Especially with the new, probably Democratic-controlled House and Senate, these proposals will be dead on arrival. We will not have "change," but four more years of stasis.

> McCain's only ideas for solving the energy crisis are (1) drilling offshore or in 061908_nuclearpowerplant Alaska, and (2) building more nuclear power plants.

Regardless what one thinks of them, these two tactics would both take years to have any impact.

Even if they could overcome the substantial state and federal regulatory obstacles in their way,  they would not produce any additional energy for at least 10 to 12 years.

In contrast, conservation and alternative energy sources like wind and solar produce benefits very quickly 

> McCain has nothing interesting to say about a whole host of pressing international economic issues, including the faltering WTO round, addressing global poverty, and reviving the global Kyoto accords on the environment.

>On the question of Iraq,  McCain still opposes the idea of a definite timetable for withdrawal, which even the Iraqi Government now supports.

> On the questions of Iran and Georgia, McCain has sounded even more aggressive than VP Cheney, who wisely did not even bother to attend his own Party's convention.

II. "ANTI-WASHINGTON?" 

At least since Barry Goldwater, the Republican Party simply can't get enough of portraying itself as "outside the Beltway," the underdog from the hinterland, and the victim of some vast liberal media conspiracy.

A visitor from another planet might be surprised to learn that  the Republican Party has actually won the White House 9 out of 16 times since 1948. And John McCain, in particular, has been a member of Congress since 1982.

Furthermore, it also controlled the US House of Representatives from 1996 to 2006, and the US Senate from 2000 to the present, with enough seats to prevent any Democratic initiatives.  It  has of course controlled the White House from 2000 to the present. Along the way, it has also taken control of the US Supreme Court and the leadership of key "independent"  federal agencies, like the Federal Reserve. Jackabramoffmain

The Republican Party has also recently compiled a record number of convictions for illegal lobbying activities -- indeed, shortly before McCain was deliver his acceptance, the legendary White House intimate Jack Abramoff was receiving a four-year jail sentence for corruption and bribery. 

The only "change" we can be sure of will come when -- as now appears likely -- the Republican Party  loses control of all these institutions this November.

III.  A BIPARTISAN MAVERICK? 

Maverick As noted above,  McCain has actually become less and less of a maverick, and more and more partisan, as time goes by.

The night before his own address to the convention, his own VP candidate could not have been more partisan in her feral attacks on Obama.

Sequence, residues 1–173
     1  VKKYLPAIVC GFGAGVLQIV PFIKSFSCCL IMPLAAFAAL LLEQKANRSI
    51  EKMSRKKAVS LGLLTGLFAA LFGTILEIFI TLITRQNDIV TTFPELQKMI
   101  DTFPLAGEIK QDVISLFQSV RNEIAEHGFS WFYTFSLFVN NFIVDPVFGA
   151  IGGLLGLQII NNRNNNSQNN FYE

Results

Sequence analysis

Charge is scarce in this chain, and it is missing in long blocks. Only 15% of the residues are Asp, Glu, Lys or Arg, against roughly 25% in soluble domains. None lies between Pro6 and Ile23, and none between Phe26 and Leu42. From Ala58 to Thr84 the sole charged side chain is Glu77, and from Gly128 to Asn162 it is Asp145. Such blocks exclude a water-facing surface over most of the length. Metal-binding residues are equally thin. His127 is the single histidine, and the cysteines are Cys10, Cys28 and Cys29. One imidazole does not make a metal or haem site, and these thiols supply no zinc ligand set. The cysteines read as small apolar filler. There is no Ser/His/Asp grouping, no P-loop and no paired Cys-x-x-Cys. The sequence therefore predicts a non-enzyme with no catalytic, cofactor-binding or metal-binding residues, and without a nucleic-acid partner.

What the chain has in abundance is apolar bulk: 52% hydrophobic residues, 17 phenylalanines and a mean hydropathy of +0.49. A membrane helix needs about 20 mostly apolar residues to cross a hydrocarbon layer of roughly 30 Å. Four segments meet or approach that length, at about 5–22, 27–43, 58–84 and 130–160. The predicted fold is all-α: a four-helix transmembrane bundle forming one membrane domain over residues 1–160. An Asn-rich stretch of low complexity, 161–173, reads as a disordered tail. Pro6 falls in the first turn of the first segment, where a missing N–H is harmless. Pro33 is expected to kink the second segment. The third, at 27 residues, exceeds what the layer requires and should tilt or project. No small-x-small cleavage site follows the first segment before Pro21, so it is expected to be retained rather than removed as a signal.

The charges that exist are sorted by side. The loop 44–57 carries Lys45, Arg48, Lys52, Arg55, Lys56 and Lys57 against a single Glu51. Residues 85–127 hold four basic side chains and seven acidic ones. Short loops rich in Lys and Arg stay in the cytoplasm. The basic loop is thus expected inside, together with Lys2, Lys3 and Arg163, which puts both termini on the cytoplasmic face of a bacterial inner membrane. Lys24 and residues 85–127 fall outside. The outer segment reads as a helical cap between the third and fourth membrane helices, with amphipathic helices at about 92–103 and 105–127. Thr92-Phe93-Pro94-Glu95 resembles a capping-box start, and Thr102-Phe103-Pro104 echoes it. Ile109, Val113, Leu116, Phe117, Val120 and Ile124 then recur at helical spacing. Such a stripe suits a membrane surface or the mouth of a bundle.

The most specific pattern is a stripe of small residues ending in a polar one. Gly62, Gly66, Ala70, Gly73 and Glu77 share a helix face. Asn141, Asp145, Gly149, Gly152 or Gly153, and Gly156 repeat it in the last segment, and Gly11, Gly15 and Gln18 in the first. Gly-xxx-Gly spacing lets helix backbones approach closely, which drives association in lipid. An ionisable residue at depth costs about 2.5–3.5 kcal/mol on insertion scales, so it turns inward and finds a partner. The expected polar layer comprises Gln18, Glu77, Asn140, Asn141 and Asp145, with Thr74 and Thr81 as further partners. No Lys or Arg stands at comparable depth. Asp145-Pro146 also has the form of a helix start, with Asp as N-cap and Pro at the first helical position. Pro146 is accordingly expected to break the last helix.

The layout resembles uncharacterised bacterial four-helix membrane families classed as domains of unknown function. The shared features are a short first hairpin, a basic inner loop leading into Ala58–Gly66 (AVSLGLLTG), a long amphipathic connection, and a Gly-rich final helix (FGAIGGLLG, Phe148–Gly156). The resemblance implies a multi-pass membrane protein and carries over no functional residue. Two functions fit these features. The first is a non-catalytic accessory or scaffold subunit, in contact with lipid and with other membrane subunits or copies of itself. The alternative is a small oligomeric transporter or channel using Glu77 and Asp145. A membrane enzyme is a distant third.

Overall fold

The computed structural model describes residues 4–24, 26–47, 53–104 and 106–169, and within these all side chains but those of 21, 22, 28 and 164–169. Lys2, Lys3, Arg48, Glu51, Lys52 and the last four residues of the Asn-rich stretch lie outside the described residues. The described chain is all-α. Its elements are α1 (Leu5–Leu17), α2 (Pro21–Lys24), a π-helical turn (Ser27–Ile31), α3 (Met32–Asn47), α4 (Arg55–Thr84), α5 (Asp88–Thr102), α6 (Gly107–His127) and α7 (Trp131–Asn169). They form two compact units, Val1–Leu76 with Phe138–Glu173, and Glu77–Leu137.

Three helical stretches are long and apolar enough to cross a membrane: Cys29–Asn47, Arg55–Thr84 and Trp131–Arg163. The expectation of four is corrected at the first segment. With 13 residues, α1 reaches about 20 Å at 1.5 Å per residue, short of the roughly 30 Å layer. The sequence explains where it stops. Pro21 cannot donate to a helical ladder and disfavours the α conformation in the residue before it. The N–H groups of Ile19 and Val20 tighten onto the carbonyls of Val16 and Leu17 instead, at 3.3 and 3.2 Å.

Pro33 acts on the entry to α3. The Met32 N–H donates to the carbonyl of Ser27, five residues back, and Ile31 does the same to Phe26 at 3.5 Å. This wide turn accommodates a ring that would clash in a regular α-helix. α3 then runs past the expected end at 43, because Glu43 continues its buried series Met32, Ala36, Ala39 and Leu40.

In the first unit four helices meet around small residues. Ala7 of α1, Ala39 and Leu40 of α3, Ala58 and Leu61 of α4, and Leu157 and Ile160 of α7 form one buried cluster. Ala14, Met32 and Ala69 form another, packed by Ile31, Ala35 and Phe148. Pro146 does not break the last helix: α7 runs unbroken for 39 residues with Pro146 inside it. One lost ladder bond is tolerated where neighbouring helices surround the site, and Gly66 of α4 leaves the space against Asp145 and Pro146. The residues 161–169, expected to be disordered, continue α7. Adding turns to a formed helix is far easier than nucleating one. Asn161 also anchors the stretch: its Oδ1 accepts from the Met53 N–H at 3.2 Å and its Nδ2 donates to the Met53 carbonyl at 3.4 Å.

Indeed, just by nominating this hard-right, anti-choice, anti-gay, anti-environment, anti-libertarian for VP despite her self-evident lack of credentials,  rather than choosing any number of more talented, moderate Republican women (or men), McCain has clearly helped to polarize the national debate.

This puts paid to all the rhetoric about bipartisanship in his acceptance speech.

IV. OPPOSED TO BIG BROTHER? 

Romneybluffton We were amazed and delighted to hear Mitch Romney describe his party not only as "the party of ideas," but as being opposed to "Big Brother."   

It seems that Mitch should stick to pillaging troubled companies, his forte. Is he really not aware that it is the Bush Administration that has been conducting illegal wiretaps and e-mail surveillance on millions of Americans during the last six years?

V. NATIONAL SECURITY EXPERIENCE? WHERE'S OSAMA? 

 To listen to McCain, Bush, Giuliani, Romney, and Co., our visitor from another planet would probably conclude not only that 9/11 did  not happen on the Republican Party's watch, but also that the Iraq War was eminently justified -- indeed, in candidate Palin's memorable words, it is "a task from God".

Sitroom20070101 According to the rhetoric at the Republican convention, the war against Osama Bin Laden and  the Taleban in Afghanistan and Pakistan (remember them?  the original perpetrators of 9/11?)  must also be going so well that we can:

(1) Afford not to mention Osama or Afghanistan at all;

(2) Afford to extend NATO to Georgia and the Ukraine, right on Russia's borders;

(3) Afford to call Iran "the biggest supporter of state terrorism," and threaten it  with military force! 

When it comes to national security, Republicans do have this praiseworthy tendency to recall over and over again great moments of courage and honor that occurred long ago -- say 41 years ago.

But when it comes to all the shameful events that have happened on their own watch in just the last eight years,  they become forgetful.

In my experience, Republicans are systematically incapable of apologizing for anything, even when they are grossly in the wrong.  Indeed, that is a pretty good litmus test for a Republican.